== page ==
-r amount The amount of data in KB that devio should read. This is only applicable with the -i option, and is only necessary on devices, such as floppy disks, which have no mechanism for delimiting files or datasets on the one volume. By default devio will read to end of file.
-P volsizes The amounts of data in KB that devio should read on each volume. If more than one size is given, devio will read the first amount, request a volume change, and continue to read the second amount etc. This is only applicable with the -i option. By default devio will stop at end of file.
-L Indicates that the data being read or written is a single block tape label. Unless -b is specified, this will be a 512 byte block.
-p Indicates that all blocks are to be written at the specified blocksize. Normally devio will write a short last block if there is insufficient data to fill the block. This flag will cause such a block to be NULL padded.
-1 Indicates that at least one block should be written to the device, even if there is no input data. This is useful for jobs which write multiple files to one tape, and want to ensure that the relative positions of each file is constant, even if one file is empty. Many tape devices have no means of writing an empty file.
-u Causes devio to write details of the amounts of data written, the elapsed time & rate to the given file.


EXAMPLES

devio -o -b32 -d tape0 'FSntcpio -f C:/local'
Write a backup of C:/local to tape device tape0 using 32K blocksize.
devio -i -b32 -d tape0 'FSntcpio -r C:/tmp'
Recover the contents of tape device tape0 to C:/tmp. Data is read from tape0 in 32K blocks and passed to FSntcpio.


ENVIRONMENT

TAPE
DEVICE
If the tape device is not specified one of these environment variables will be used instead, if set.


DIAGNOSTICS

The following exit values are returned:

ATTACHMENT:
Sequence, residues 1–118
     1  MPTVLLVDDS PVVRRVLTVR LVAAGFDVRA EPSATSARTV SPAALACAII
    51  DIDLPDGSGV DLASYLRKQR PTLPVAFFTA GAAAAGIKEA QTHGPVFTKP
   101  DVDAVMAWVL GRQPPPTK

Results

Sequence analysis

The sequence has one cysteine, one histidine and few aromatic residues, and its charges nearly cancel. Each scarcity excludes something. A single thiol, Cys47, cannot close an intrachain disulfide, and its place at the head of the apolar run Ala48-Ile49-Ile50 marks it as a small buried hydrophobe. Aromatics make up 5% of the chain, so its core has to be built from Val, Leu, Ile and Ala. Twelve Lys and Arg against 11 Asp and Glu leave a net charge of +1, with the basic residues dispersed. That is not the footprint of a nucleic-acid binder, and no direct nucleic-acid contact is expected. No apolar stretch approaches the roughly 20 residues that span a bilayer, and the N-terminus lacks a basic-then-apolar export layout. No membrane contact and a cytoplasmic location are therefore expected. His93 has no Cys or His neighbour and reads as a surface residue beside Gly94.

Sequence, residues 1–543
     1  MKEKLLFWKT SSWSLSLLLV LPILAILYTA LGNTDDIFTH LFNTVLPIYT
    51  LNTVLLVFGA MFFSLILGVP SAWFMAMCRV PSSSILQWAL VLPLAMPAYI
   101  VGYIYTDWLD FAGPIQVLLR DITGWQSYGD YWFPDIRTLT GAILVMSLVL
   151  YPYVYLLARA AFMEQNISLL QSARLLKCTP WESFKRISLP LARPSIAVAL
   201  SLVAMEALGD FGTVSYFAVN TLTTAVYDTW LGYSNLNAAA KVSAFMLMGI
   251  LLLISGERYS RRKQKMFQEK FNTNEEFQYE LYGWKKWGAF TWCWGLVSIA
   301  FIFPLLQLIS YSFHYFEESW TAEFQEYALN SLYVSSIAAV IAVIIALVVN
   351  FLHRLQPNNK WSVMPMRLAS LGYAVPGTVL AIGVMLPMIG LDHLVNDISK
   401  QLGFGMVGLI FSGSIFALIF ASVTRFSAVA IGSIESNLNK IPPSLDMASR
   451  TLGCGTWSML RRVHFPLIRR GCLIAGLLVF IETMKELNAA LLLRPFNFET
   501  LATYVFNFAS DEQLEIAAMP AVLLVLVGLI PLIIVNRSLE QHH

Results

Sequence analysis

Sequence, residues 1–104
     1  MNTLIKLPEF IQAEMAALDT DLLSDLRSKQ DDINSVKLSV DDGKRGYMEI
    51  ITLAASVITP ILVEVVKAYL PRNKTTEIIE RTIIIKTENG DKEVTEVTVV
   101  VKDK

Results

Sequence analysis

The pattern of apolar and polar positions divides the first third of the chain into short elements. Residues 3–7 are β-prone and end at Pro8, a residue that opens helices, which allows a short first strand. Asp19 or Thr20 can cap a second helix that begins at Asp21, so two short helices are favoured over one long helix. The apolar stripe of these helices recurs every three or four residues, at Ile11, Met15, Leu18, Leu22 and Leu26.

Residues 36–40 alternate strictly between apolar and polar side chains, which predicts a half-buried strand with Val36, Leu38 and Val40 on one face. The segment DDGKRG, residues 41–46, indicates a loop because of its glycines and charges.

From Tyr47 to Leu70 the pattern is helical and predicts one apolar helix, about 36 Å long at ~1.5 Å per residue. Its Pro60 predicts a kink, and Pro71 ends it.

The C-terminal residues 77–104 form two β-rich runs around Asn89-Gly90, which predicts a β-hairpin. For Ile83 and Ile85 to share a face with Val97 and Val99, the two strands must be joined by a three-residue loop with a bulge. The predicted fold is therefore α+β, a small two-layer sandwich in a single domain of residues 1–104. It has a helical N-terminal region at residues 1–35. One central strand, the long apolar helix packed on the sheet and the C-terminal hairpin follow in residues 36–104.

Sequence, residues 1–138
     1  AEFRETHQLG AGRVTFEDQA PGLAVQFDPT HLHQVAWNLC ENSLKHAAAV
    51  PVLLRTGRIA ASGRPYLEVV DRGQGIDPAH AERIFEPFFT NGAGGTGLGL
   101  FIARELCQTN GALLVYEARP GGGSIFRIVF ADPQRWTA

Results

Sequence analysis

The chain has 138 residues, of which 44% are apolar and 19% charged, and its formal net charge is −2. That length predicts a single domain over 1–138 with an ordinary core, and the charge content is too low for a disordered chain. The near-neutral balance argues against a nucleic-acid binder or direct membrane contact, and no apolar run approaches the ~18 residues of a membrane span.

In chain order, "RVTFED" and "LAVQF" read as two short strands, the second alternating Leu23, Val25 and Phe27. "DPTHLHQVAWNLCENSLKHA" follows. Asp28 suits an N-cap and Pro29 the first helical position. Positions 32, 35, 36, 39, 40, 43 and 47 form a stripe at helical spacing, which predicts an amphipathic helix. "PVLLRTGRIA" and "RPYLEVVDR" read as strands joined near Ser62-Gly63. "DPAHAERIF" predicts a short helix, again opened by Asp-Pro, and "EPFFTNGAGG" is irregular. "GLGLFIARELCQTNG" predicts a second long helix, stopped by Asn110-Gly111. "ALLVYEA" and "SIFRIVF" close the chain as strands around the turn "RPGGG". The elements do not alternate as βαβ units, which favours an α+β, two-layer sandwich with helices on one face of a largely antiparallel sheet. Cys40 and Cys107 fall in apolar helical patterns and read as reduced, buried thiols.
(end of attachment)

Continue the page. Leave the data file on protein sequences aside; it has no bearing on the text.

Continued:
95 error passing data to or from the command
90 device I/O error
85 no data was written to the device
83 devio did not read as much data as expected
81 media change failed
80 unable to open device
1 program error, invalid usage or invalid licence


SEE ALSO

devscan(1), ntcpio(1), FSntcpio(1)


COPYRIGHT

Copyright © 1990-2019 Functional Software. All rights reserved.
Based on version 4.1 - Last modified 24th January 2008.



^

devscan

NAME

devscan - verify readability of a removable medium


SYNOPSIS

devscan [-b blocksize] [-d datasize] [-e] [-f files] [-n name] device


DESCRIPTION

Devscan reads the specified device and reports the amount of data and the number of files read. Here a file refers to data written to a tape or similar medium, and separated from the next file by an end-of-file mark. In other words, in this context a file is usually an archive produced by a backup utility such as ntcpio. If an I/O error is encountered, this is reported, and devscan will terminate with an error status.
Devscan can be used to do a simple verification of data on a removable device after a backup. Note that devscan only verifies that the data is readable; it does not guarantee that it is correct or consistent. This type of verification is all that is required for most sites, as checksums used on most modern tapes virtually guarantee that as long as the data is readable, it will be the same data as was written.
Note that for tape devices, devscan starts reading from the current position of the tape. This usually means that the tape should be rewound before and after running devscan.
When standard output is directed to a TTY device, devscan displays a running count of the blocks being read. Otherwise, only a summary is given.


OPTIONS

Devscan understands the following options:
-b blocksize The blocksize (in KB) to use when reading data from the tape. This option is ignored when using a tape drive supporting variable length blocks. Even when using a fixed blocksize tape drive (such as a QIC), this option is usually not required, as devscan automatically queries the drive to determine the blocksize to use.
-d datasize The maximum amount of data (in KB) to read. If this option is specified, devscan will stop after reading this amount of data. By default devscan will read to the end of data, or the end of the physical device (whichever comes first).
-e Many tape devices indicate end of data with two successive tape marks, which is the same as an empty tape file. This flag tells devscan NOT to stop scanning when an empty tape file is encountered.
-f files The maximum number of files to read. If this option is specified, devscan will stop after reading this number of files. This is only required on some devices (usually cartridge tapes), which support an end-of-file mark, but do not support an end-of-data mark. Two consecutive end-of-file marks are also taken to mean the end-of-data.
-n name The name by which the user knows the device. If this option is specified, then any messages referring to the device will use the specified name, rather than the system device name.